BC PEOPLE FIRST PROJECTS
At BCPF we work to stop the stigma surrounding intellectual and developmental disabilities and unite our Members' voices in the fight to be considered People First. The fight to not have people speak for us or down to us and to help everyone in society understand what "nothing about us without us" really means and why it matters.
We write letters, do presentations, and advocate with governments about issues affecting people with disabilities. We advocate for all people to be seen as equal citizens and for issues that matter to our Members.
Safe and accessible sidewalks and passageways are a right, not a privilege. But not everyone in our cities and towns across BC has access to wide enough, safe, and debris-free passageways. This avoidable societal problem takes away many people’s right to participate in and contribute to their community. Even the most basic accommodations are not consistently in place, such as automatic sliding doors.
The BCPF Advocacy Committee is working on a campaign. Writing letters and raising awareness to address the lack of accessibility in communities across BC due to poor city planning processes and policies.
BCPF holds nominations for the Self-Advocate Leadership of the Year Award. In celebration of someone who has shown exceptional leadership the past year as a self-advocate, advocating for the rights of people with intellectual and developmental disabilities.
The winner receives a $200 honorarium award (to assist in their advocacy efforts or learning the coming year) and an award plaque.
The BCPF President also announces the winner of the Phil Allen President's Award at the AGM. This annual award highlights BCPF Members who have worked for years or decades as self-advocates to help shape our world for the better.
Hosting Focus Groups
We host focus groups for advocacy issues that matter to our Members. This work helps inform our presentations and workshops about accessibility, employment, housing, human rights, and more.
We also facilitate focus groups for other nonprofit organizations and corporations who want answers to questions around accessibility and inclusion. Focus groups can help solve problems and help people understand others. They can help places become more inclusive and accessible.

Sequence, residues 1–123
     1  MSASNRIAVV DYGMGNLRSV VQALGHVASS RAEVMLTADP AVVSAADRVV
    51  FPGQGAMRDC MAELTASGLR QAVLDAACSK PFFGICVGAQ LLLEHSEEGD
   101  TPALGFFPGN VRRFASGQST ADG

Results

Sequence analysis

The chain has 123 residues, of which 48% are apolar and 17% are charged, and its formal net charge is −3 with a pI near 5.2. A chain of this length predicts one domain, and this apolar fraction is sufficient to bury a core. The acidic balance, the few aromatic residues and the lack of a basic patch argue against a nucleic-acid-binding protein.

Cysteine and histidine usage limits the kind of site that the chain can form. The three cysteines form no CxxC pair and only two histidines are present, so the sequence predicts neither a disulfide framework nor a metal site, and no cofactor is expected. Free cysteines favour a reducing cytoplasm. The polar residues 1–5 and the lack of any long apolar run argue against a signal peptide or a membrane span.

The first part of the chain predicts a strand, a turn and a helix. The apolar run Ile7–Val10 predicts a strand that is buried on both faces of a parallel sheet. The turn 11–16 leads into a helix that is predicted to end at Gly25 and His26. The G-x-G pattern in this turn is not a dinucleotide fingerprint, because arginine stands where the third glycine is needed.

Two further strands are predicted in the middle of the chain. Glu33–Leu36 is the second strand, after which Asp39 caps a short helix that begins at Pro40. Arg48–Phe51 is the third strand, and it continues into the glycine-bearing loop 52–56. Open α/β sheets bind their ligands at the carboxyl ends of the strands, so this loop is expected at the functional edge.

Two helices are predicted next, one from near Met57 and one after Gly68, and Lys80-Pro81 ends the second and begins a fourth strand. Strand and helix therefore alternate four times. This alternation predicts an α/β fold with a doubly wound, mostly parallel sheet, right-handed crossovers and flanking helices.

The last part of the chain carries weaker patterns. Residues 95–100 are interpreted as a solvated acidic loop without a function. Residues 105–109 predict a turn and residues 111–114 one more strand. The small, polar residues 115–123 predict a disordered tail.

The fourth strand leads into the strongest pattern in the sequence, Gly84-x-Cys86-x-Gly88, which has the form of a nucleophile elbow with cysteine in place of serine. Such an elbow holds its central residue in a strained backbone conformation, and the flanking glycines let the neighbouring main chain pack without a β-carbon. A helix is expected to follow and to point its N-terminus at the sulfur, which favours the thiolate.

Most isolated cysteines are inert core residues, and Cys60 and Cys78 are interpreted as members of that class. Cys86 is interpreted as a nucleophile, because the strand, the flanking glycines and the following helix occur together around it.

Words hurt. The R-word does not equal stupid.
BCPF offers workshops about language and the ‘R-word’. For students in grades 5 and up, groups such as scouting/guides, and college programs across BC. It can also be offered to teachers or employees in any industry.
The workshops are delivered by BCPF Members who have lived with hearing and being harmed by this word. Putting a face behind the reality of the hurt that this word causes. The workshop teaches people about the United Nations Convention on the Rights of Persons with Disabilities (UNCRPD) and discusses the importance of language.
CRPD & Human Rights Training
Join BC People First Members as we learn about and break down the United Nations Convention on the Rights of Persons with Disabilities (CRPD).
Canada ratified the UNCRPD. This means we agreed to follow the standards set. The convention is a detailed list and explanation of all our human rights.
Members of our presentation team are teaching others about the CRPD and our human rights.
Please GET IN TOUCH if you'd like us to present for your school or work group. Plus, follow our updates on social media as we learn more and post information to share with others.
Plain Language Translation
We work on plain language translation projects as a team with BCPF Members who are experienced self-advocates, people with intellectual disabilities, and who have training in understanding and writing in plain language.
The team gets paid for their work by BCPF and BCPF offers Plain Language Translation as a service. We do this for organizations who commission us for the service and have translated documents from 1 page to over 100 pages.
The current PWD single rates are $1,358.50. But this does not cover the basic expenses of life each month.
CERB pandemic funding and other programs have set the rate for a basic living income at $2000.00 per month. Which is just barely enough to get by but people with disabilities are expected to live on a lot less.
BCPF Members book presentations with City Councils, Provincial Committees, service providers, and others to speak about our daily experiences living under the poverty line. We want people to understand what we go through — because it is not easy.
Are you a BCPF Member who wants to learn more about self-advocacy OR wants to help others learn more about advocating for their rights? You can sign up as an Advocacy Mentor to share your skills. Or request a Mentor if you want someone to go to for advice about self-advocacy work to learn more.
Mentors do not do the advocacy work for Beginners. Mentors are someone to go to for advice about self-advocacy work or advocacy projects in the community.
BCPF Members can get more information and SIGN UP HERE to become a mentor or request an advocacy mentor. It's a great way to get involved and get advice!
Coffee Socials can be hosted at coffee shops anywhere in the province by BCPF Members who are also a:
At these monthly or quarterly Coffee Socials we discuss issues that matter to us in our daily lives and get advice. Each meeting has a discussion theme, such as accessibility, housing affordability, or healthy relationships. These meetings are for people to network and come up with solutions together.